Rheumatoid arthritis. Osteoarthritis. Gout. Fibromyalgia. These painful bone and nerve disorders plague people of all ages, but especially older adults. Even simple movements can produce pain, which means exercises and stretches go by the wayside in lieu of rest.
But arthritis exercises for seniors can actually help alleviate the pain of these diseases and disorders as they work to retain their musculature and mobility.
For your loved one, rely on a home health agency’s physical or occupational therapist, plus these valuable resources, for identifying gentle exercises for seniors to help them stay active and lead a fulfilling life.
Chair Yoga Is a Gentle Exercise for Seniors
Chair yoga is an exercise performed using a chair for support. Rather than utilizing traditional yoga poses, they’re modified for seniors with limited mobility, strength, and balance.
Like traditional yoga, chair yoga can help improve flexibility, concentration, and strength, while providing stretching exercises for seniors. It’s especially important to remember to never attempt a yoga pose that causes pain – and the same goes for seniors participating in chair yoga.
Most senior centers and assisted living facilities offer basic chair yoga classes to residents and visitors; check with your local organizations for details.
Something as Simple as Walking Keeps Seniors Active
Older adults who are still relatively steady on their feet may choose walking as a form of gentle exercise for seniors. Walking not only helps maintain leg and core strength, but it also increases your heart rate – proof that it’s a cardiovascular exercise – and can improve blood flow and lower blood pressure. Walking can also release hormones like endorphins, which helps you feel more energetic and happy.
Seniors need not walk for distance or speed; simply walking for 30 minutes, three times per week is likely adequate for their needs. The best part of this exercise routine is that it does not require special equipment or a gym membership; if your loved one lives near a sidewalk, they can take up walking for exercise.
Balance Exercises Can Prevent Falls
Building balance and the fine muscles in joints like the ankles and feet can help prevent falls that could cause major injuries in senior citizens.
In fact, balance exercises can also help improve posture and coordination – both of which may bring relief to elderly patients with certain types of arthritis.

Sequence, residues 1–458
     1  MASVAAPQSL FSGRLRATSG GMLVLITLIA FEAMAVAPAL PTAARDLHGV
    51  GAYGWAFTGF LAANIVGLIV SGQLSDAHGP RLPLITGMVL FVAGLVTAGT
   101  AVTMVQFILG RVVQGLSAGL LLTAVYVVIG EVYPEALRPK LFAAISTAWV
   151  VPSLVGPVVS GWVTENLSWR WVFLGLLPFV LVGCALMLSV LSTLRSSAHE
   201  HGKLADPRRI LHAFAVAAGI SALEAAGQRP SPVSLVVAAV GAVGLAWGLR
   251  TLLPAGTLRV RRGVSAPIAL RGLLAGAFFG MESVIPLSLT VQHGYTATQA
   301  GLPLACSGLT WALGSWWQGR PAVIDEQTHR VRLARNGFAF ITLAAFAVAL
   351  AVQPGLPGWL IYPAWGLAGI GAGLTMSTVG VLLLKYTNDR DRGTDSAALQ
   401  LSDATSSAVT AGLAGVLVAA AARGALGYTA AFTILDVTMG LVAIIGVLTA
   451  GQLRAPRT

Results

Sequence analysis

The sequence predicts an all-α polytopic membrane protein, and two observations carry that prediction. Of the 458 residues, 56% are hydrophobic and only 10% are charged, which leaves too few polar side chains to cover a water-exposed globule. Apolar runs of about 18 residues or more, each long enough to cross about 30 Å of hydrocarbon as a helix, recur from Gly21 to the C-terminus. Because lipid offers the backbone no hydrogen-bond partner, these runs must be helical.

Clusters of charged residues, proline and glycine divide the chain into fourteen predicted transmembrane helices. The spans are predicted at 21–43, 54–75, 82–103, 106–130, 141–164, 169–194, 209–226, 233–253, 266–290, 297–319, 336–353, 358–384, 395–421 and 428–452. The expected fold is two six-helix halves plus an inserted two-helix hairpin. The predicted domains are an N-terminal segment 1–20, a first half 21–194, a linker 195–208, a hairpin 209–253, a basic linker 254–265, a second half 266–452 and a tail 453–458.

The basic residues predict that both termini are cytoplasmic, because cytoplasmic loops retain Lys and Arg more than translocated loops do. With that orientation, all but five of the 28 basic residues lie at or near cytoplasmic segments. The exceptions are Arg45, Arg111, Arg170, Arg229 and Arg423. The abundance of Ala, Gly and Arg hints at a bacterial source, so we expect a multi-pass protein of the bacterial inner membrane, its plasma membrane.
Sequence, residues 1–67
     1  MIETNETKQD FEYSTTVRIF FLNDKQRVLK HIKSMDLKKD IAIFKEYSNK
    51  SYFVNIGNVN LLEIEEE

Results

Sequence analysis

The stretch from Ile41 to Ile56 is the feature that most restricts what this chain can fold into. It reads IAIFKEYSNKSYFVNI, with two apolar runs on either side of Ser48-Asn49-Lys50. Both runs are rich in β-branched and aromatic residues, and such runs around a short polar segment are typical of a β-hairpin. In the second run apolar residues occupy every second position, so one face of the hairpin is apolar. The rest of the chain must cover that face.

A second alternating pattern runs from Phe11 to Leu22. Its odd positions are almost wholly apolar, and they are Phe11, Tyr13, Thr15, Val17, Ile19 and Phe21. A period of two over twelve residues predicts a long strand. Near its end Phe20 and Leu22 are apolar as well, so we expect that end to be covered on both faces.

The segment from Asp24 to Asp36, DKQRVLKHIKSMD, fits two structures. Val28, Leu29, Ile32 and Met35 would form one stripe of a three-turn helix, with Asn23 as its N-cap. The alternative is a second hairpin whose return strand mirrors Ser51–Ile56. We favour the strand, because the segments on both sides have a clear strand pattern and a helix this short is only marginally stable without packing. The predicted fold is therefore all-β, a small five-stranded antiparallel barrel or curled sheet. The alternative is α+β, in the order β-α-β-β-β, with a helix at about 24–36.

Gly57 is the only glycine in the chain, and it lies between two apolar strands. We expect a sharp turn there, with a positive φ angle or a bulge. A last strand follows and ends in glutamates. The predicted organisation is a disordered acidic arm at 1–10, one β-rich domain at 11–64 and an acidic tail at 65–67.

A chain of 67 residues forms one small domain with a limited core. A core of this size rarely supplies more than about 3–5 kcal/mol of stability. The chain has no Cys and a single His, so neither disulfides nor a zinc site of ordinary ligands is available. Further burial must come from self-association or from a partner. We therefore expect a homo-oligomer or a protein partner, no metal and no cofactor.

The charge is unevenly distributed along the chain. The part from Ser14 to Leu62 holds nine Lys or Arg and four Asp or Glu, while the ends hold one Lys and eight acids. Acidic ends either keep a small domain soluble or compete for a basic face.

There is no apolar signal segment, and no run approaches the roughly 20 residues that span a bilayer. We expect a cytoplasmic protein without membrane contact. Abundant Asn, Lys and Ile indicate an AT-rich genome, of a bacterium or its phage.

Swimming Is an Ideal Exercise for Seniors with Arthritis
Swimming and water exercises are low impact and gentle on the joints, making it one of the best gentle exercises for seniors.
Swimming and water aerobics or walking can strengthen the heart and improve overall cardiovascular health. As a result, the elderly may experience lowered blood pressure and better circulation.
Always Ask Your Loved One’s Doctor Whether Exercises for Seniors with Arthritis Are Safe
Everyone’s health and capabilities are different, which is why older adults should consult with their physician before starting any form of exercise regimen. Although gentle exercises for seniors can seem harmless, if not performed correctly, they can still lead to injury. A physician can clear your loved one to participate, or suggest alternatives that will be safer or more comfortable.
Your loved one’s physician may even recommend partnering with a physical or occupational therapist through a home health agency to improve muscle strength, balance, and coordination, and to reduce arthritis-related pain.
During physical therapy, your loved one can engage in exercises for seniors with arthritis in an environment conducive to their safety, under the guidance of a professional. This ensures each stretch, lift, bend, twist, and step is made properly and reduces the risk of injury.
Physical therapists will design plans tailored especially to your loved one’s needs and deliver them slowly over time, using progressive techniques.
How to Find a Physical Therapist for the Elderly
Before beginning arthritis exercises for seniors, partner with a physical therapist by contacting Phoenix Home Health, your loved one’s home health agency. Our nurse case managers will work with your loved one’s doctor to set up routinely scheduled physical therapy designed to help relieve pain and improve strength, especially after long hospitalizations or surgeries.
Our staff physical therapists will continue working with your loved one as they progress, with the eventual goal of releasing them from care when they demonstrate better balance and mobility – or whatever goals your loved one’s doctor has set for them.